Stuff You Should Know hosts Chuck and Josh use this episode to take a deep dive into the reason for the quaran-season: Coronavirus. They discuss how it spreads, how it interacts with your cells, why social distancing and quarantining measures work, what vaccines and treatments are being explored, and much more. Though we’re still learning a lot about this virus, health experts are fairly certain that it jumped from animal to human through pangolins, an animal that’s considered a delicacy in China; they've closed 20,000 wildlife farms to curb the pangolin trade in response, and Nigeria is under pressure to shut theirs down as well. Pangolins are a mammal, by the way, but covered in scales; “they look like a dragon had sex with an anteater,” Chuck describes.
We’re in the “community spread” phase of the pandemic, which is the hardest to deal with because it means people get infected who haven’t had any contact with a sick person. And thanks to the virus’s ability to live in the body for so long without showing any symptoms, it’s “much more difficult to contain.” They go over what the symptoms feel like, but are quick to point out that a majority of people who get COVID-19 do recover from it because they get a mild case. Our numbers of deaths might be inflated because we haven’t done enough testing to know how many cases we actually have. South Korea did abundant testing and managed to contain the virus, and they found that the death rate was something like 0.7% – still higher than the seasonal flu at 0.1%, but not nearly as high as the graphs seem to show now.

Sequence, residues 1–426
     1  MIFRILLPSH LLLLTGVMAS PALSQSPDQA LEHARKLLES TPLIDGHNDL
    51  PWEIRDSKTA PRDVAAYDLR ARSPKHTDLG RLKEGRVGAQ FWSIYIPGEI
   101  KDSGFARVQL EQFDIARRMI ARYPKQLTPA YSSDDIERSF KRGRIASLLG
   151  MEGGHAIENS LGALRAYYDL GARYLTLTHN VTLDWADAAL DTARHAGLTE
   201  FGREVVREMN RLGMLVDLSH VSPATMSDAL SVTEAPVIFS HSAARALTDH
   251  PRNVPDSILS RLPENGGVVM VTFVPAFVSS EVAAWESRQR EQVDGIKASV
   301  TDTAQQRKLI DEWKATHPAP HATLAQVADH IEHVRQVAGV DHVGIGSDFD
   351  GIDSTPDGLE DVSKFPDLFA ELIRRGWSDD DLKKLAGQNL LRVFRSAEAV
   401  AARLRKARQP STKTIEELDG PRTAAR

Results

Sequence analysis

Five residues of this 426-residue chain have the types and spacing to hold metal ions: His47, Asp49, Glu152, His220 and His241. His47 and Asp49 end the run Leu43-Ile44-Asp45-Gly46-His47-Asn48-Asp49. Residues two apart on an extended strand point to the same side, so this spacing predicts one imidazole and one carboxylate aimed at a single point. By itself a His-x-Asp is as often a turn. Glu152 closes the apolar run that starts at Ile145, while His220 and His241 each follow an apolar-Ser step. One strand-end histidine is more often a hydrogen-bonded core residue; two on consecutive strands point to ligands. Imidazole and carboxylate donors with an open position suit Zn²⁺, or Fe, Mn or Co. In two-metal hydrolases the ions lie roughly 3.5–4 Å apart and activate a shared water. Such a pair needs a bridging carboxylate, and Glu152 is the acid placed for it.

The other good news is that there are no documented cases, as of yet, of anyone getting the virus from a fomite, or infected surface. Though the virus can live on various surfaces for a long time, which is why such stringent sanitation and hand-washing measures are necessary, it seems to be mostly spread when someone sneezes or coughs. This doesn’t mean you should start “licking grocery cart handles, like you usually do,” Chuck jokes; it’s important to still sanitize your doorknobs, credit cards, and other surfaces, just in case. They also share news about studies into existing medicines that could be used to treat COVID-19 as well as a dedicated vaccine, which is the ultimate goal: we want a “bangin’, robust vaccine,” Josh says, “lots of gold chains and swagger.”
They also get into the fascinating science of how the virus attaches to our cells, give us a reality check about the various dangers to our medical supply chain and existing healthcare infrastructure, and advise us to just stay home, even if we aren’t feeling sick: To stop your life for two weeks to self-quarantine so you can be sure not to spread this around is “an enormous gift to give to people,” Josh points out. Learn more about how coronavirus works on this episode of Stuff You Should Know.
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